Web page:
Additional info reproduced from: theadvocate.com
The man known as Rick Springfield has lived an interesting life. When the young, yet veteran, music artist arrived in the States in the 1970s, the Australian native had no clue his fame would begin as a teenybopper music star. Springfield's music and image would wind up on the record players and pinned up on the walls of millions of American girls.
As a former serious "rocker" in his native Australia, this new and American "packaged" image exhausted and dismayed the young artist to no end.
However, it wasn't until 1981 that Springfield's career path the would take a turn for the better. With his boyish good looks and charm, Springfield landed a prime role on the ABC network soap opera, General Hospital, as Dr. Noah Drake.
Also in the same year, Springfield would release the album Working Class Dog, which held his first mainstream number 1 hit, "Jessie's Girl." And while the timing and success of the song made General Hospital a ratings phenomenon, the fame from the show likewise boosted sales of the song.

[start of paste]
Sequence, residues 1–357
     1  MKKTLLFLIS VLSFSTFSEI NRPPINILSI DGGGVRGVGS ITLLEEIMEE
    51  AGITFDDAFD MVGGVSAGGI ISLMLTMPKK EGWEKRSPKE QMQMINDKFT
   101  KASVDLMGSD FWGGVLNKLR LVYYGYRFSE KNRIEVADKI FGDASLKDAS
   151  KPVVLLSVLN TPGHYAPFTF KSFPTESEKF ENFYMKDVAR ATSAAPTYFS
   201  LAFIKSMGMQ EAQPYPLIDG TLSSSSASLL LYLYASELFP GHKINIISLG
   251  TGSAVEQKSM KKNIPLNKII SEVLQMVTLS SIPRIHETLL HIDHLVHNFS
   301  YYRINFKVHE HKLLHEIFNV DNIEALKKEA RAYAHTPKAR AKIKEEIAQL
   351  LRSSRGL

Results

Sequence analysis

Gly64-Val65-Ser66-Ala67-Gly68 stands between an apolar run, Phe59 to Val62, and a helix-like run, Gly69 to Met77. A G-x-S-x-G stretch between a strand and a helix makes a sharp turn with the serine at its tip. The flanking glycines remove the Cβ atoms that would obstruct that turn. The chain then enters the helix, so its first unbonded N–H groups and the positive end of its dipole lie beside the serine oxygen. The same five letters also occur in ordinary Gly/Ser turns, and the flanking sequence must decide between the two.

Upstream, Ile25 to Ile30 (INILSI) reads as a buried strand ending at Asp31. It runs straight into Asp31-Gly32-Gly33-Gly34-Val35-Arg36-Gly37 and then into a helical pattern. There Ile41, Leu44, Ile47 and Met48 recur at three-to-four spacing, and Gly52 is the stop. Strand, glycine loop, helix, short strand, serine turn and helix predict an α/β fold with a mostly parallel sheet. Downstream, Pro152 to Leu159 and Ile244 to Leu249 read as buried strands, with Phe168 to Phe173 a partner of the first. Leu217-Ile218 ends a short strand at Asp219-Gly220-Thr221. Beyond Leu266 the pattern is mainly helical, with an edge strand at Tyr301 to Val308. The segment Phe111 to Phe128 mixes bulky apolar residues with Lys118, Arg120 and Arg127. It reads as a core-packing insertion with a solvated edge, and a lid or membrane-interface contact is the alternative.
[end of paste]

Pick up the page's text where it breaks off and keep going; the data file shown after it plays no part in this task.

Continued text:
Springfield left General Hospital in 1983, but his music fame grew with a slew of 80s hits including “Don’t Talk to Strangers,” “An Affair of the Heart,” “I’ve Done Everything for You,” “Love Somebody” and “Human Touch.”
He continued his music and acting careers through the succeeding decades, but his profile has been especially high in recent years. The singer is prominently featured in the music documentary, “Sound City,” and its soundtrack album.
Its this devotion that brings Springfield on tour now along with hotly anticipated plans on the release of his 17th album, “Songs for the End of the World,” in October.
“We’re doing some of those songs in concert,” he said. “They fit very well with a lot of the old stuff. And I have a tough band. We play everything full tilt, so it all seems to coalesce.”
Springfield's autobiography, “Late, Late at Night,’ appeared in 2010. His next book, “Magnificent Vibration,” will be published in May.
“Magnificent Vibration” is an extreme book, definitely not autobiographical, he said.
“It’s dark humor with a serious side,” he said. “It’s about love, sex and death, yin-yang and the balance of the universe and trying to get laid. It covers a lot of ground.”